To say I was surprised by the Backstreet Boys movie would be an understatement. I watched this movie for the benefit of someone else but came out of it quite impressed with an interesting story about a small time boyband’s meteoric rise to success and then some of the issues that came with that.
I was always aware of Backstreet Boys and I have a solid appreciation for pop music so I knew that if little else, there would be a few songs I would recognise. Luckily there is slightly more to this move than just string after string of solid pop songs. This is about the band forming, how they became famous and how that fame started to peter out and disappear.
Luckily, this is an interesting story. To be funded by the millionaire Lou Pearlman and thrown together as a young, dancing and harmony group, there was little reason for them to be a success and it’s interesting to see how in their home country of America, they did falter and that it was down to Europe to launch the band properly. These kind of tidbits and nuggets of rare information keeps the movie interesting, especially interspersed with footage from early years and solid talking heads from the band themselves.
This is where some of the honesty begins to emerge. To their credit, the five Backstreet Boys are very candid and honest about their careers, relationships, experiences and some of the altercations with each other and influential people along the way. From harrowing family stories to a bizarre tale about bunny homicide, there is a lot for both the die-hard and the fair-weather fan to appreciate.
The documentary takes the format of a behind the scenes look at their twenty-year anniversary album, In a World Like This. We get some very insightful moments, like their recording process and how they make key decisions for this album, as well as reflecting on past records. We also get a clear look at some of the issues facing the group, most of all Brian Littrell’s voice issues, which become very apparent as he records and performs throughout the movie, leading to a very telling confrontation in one quite difficult to watch scene.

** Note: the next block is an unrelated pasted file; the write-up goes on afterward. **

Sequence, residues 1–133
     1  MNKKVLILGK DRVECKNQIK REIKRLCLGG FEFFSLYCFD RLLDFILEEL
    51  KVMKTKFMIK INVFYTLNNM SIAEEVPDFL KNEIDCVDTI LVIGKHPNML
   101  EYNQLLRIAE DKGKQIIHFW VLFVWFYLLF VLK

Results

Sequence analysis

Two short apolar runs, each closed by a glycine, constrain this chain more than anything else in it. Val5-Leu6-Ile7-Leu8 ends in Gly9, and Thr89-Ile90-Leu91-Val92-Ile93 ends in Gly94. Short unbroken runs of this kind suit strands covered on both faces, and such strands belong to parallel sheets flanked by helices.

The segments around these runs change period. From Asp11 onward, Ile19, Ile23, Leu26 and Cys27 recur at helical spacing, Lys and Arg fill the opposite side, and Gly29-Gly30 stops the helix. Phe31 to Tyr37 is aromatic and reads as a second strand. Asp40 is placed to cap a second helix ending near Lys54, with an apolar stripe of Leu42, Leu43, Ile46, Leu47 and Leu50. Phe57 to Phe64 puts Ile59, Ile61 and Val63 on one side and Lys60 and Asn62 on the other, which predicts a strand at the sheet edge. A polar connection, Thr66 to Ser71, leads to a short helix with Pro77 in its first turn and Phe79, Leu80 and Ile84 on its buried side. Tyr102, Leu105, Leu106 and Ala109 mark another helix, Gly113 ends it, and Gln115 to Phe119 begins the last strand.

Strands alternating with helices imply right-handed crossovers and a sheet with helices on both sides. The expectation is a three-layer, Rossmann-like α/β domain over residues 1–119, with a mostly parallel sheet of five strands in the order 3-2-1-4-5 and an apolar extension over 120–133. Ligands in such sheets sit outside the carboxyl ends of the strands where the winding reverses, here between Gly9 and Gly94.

As real and in-depth as the movie is though, there are moments that feel hidden from sight or skimmed over. Both A.J Mclean and Nick Carter seemed to battle addictions, with A.J definitely having gone to rehab. These are mentioned but never really discussed at any length. The same can be said for the years that Kevin Scott Richardson left the band and the group continued as a four. it’s mentioned but never more than that, feeling like some of the story that is being told is very selective and some of the more difficult, choice parts are being missed out.
There is enough here to deliver a good story though and mix those tales, personal and as a group, with some of the biggest pop songs of the nineties and you’ll soon find yourself sucked into the story and what the film is delivering. You may even find yourself craving a greatest hits album.
Overall, Backstreet Boys: Show Em What Your Made Of is a solid documentary retelling a decent story of a very famous boy band who are still trying to make it big. There is a lot of interesting elements and at times it feels like you are getting an uncut look at the lives of the five but then moments feels hidden and a huge part of the story, although hinted at, seems skimmed over and avoided. I guarantee you’ll be singing one of those decent pop songs you forgot you knew all the words to though.
Rating – 3
(1 – Awful, 2 – Average, 3 – Good, 4 – Great, 5! – Must See)